We raised two kittens from 3.5 weeks. We got formula and bottles from the pet store. I had to make a big hole in the nipples and they lapped up drips at first - it took a few days for them to get the hang of it. We had to feed them this way every two to three hours. At six to seven weeks we offered them dry food soaked in kitten formula. They were by then lapping up their formula in saucers. Around 5 to 6 weeks we offered water as needed.

Then warm washcloth to the butt to help them eliminate. It was an intense few weeks, but now they are beautiful cats who are looking at me type this.

Memail with any specific quesyions and it will jog my memory.
posted by readery at 8:13 PM on July 20, 2009

A cat shelter -- don't worry about no-kill for tiny kittens like that, kittens are adoptable and no shelter is going to euthanize healthy kittens (by 8 weeks, the kittens who survive will be healthy) -- may also be able to hook the kittens up with a nursing mother. As people have mentioned, this is a full time job, feeding 5 kittens. Keep them in a small area. Keep them very warm. Feed them warm kitten milk replacement. Kittens eat a lot, and all the time.

As people have mentioned, you need to stimulate them to eliminate.
posted by jeather at 8:28 PM on July 20, 2009

I've fed kitten with pablum with a bit of warm water. I would put a dab of food in their mouths and then lightly but firmly stroke the throats, down from chin to chest. This stimulates the swallow reflex. Gentle is the word.
If you feel up to it you can try to place the food further back in the mouth and then do the stroke, as it makes it more likely the food will go down, but be more cautious about their airway.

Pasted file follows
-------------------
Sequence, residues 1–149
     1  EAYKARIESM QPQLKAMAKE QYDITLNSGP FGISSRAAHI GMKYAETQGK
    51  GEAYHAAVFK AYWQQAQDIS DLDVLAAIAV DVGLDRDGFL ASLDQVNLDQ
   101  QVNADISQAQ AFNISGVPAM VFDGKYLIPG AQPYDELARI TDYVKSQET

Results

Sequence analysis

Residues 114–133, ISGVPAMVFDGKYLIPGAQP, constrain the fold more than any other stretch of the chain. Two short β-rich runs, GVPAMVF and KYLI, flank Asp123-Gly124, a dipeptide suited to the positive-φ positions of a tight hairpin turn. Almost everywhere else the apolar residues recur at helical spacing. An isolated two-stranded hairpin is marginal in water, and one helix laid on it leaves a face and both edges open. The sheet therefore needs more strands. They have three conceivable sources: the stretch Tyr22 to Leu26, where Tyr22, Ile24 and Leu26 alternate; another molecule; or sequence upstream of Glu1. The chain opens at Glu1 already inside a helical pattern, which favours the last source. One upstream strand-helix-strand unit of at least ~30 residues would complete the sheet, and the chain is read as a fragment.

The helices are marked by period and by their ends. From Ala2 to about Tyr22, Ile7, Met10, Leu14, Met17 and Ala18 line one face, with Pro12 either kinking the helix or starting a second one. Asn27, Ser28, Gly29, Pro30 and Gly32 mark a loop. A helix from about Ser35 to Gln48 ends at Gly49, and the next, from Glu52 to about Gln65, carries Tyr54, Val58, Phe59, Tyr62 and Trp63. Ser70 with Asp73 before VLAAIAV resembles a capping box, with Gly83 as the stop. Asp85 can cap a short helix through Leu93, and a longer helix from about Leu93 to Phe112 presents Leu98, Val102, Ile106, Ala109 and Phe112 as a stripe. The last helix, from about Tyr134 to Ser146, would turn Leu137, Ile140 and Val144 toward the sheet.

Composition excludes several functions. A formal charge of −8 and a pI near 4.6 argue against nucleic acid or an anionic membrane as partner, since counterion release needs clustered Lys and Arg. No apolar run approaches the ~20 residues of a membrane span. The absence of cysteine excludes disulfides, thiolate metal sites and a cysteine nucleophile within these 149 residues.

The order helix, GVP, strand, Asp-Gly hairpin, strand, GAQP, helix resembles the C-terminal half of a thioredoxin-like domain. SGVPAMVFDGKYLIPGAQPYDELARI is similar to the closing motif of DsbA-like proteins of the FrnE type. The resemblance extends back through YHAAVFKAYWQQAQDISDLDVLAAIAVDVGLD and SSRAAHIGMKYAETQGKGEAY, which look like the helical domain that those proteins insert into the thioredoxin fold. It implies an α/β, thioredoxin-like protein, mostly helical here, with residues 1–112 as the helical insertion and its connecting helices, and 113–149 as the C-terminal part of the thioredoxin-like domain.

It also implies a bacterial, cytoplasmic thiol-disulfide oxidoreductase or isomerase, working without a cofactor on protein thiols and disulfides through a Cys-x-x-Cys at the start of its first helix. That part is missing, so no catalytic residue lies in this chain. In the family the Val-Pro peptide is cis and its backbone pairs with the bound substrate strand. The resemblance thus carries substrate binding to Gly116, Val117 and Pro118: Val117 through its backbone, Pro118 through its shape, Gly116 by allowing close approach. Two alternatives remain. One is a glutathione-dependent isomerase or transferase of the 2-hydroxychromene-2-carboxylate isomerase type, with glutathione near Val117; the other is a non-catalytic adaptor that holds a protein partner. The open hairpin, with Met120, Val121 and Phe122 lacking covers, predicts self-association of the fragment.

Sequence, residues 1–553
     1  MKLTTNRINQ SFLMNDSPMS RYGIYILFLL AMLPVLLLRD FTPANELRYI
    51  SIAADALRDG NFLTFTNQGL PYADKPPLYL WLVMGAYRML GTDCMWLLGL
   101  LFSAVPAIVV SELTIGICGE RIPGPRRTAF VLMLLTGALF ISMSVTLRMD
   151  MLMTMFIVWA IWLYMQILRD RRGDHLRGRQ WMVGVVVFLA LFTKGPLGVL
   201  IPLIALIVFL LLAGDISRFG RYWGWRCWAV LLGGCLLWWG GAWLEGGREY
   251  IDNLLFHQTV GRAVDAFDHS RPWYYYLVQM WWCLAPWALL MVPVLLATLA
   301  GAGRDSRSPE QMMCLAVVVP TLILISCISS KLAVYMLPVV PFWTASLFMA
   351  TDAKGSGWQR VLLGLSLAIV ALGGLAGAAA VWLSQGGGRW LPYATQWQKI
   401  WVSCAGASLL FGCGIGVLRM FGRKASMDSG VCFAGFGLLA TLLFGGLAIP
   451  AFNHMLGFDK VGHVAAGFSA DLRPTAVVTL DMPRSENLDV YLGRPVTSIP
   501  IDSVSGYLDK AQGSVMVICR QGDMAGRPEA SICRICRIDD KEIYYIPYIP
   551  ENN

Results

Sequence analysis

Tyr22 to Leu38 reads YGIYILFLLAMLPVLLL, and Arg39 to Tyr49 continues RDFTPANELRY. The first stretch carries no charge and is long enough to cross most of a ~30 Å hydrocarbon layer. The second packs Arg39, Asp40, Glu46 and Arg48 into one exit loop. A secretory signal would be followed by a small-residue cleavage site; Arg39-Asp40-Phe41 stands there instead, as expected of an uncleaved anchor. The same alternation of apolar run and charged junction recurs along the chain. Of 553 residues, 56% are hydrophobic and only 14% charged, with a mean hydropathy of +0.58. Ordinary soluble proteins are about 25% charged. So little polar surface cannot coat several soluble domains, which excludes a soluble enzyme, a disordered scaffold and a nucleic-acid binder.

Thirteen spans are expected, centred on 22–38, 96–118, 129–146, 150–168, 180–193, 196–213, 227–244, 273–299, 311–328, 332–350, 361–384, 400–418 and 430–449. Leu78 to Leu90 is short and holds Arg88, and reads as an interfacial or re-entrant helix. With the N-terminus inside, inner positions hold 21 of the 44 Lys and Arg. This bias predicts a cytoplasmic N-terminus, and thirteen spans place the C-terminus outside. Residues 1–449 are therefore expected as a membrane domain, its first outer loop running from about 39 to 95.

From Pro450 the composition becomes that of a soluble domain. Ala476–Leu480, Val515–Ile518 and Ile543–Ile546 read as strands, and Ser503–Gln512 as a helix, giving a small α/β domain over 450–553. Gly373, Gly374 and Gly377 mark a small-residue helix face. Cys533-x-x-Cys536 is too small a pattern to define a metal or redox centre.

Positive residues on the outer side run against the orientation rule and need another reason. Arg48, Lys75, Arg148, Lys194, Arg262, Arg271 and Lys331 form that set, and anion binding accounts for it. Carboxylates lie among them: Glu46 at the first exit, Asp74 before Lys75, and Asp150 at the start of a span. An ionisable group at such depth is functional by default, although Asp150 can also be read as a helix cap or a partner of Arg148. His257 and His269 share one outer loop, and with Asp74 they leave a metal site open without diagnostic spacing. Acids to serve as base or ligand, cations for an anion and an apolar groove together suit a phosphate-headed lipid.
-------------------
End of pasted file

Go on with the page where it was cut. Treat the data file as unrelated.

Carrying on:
Also the butt-wiping as others have said.
posted by Billegible at 8:33 PM on July 20, 2009

If you cannot get kitten milk at this time of day, you can give them -- temporarily, overnight only -- pureed chicken for babies, thinned out with more water. Again, warmed.
posted by jeather at 9:03 PM on July 20, 2009

I have an ex-roommate who accidentally killed a kitten by feeding it too forcefully with a syringe. (FWIW, the syringes were provided by the kitten rescue people with the instruction to press ever so gently until a single drop of formula came out into the kitten's mouth, wait for kitten to swallow, then repeat). She pushed a little too hard and the kitten ended up aspirating the formula. So: use bottles, avoid syringes or anything that will force milk into the kittens mouth/throat.

That being said, another technique I've seen used is to use a pipette (something very narrow and long, like a hollow coffee stirrer) to feed kittens/tiny baby mammals. Fill pipette with milk, put finger over end, put other end in kitten's mouth, allow kitten to drink milk drop by drop by drop.
posted by anastasiav at 9:37 PM on July 20, 2009

This page offer a recipe for emergency kitten formula until you can get real kitten formula:
Do not feed your kitten milk from a cow. It causes diarrhea and upsets the stomach. If your vet or pet store is closed and a kitten needs feeding urgently, use this mixture:

* 1 ounce condensed milk
* 1 ounce water
* 1 ounce plain yogurt
* 1 egg yolk

Microwave this mixture for a minute and allow it to cool to the proper temperature before feeding kittens. Only use this emergency formula until you have the kitten formula powder.
They also have other tips. This page has a variety of other tips about care of very young kittens.
posted by LobsterMitten at 10:22 PM on July 20, 2009 [1 favorite]

I have done this. The cats grew up healthy and lived for 15+ years. You have to take care of them around the clock, and feed them at night. I would get up in the middle of the night to feed the kittens. It was time consuming, but worth it.
posted by fifilaru at 11:18 PM on July 20, 2009

Response by poster: Follow Up: Thanks for all of your thoughtful responses. My friend is very appreciative. She gave me the good news that the mother cat was found this afternoon and the kittens are very, very happy.
posted by wv kay in ga at 3:49 PM on July 21, 2009 [3 favorites]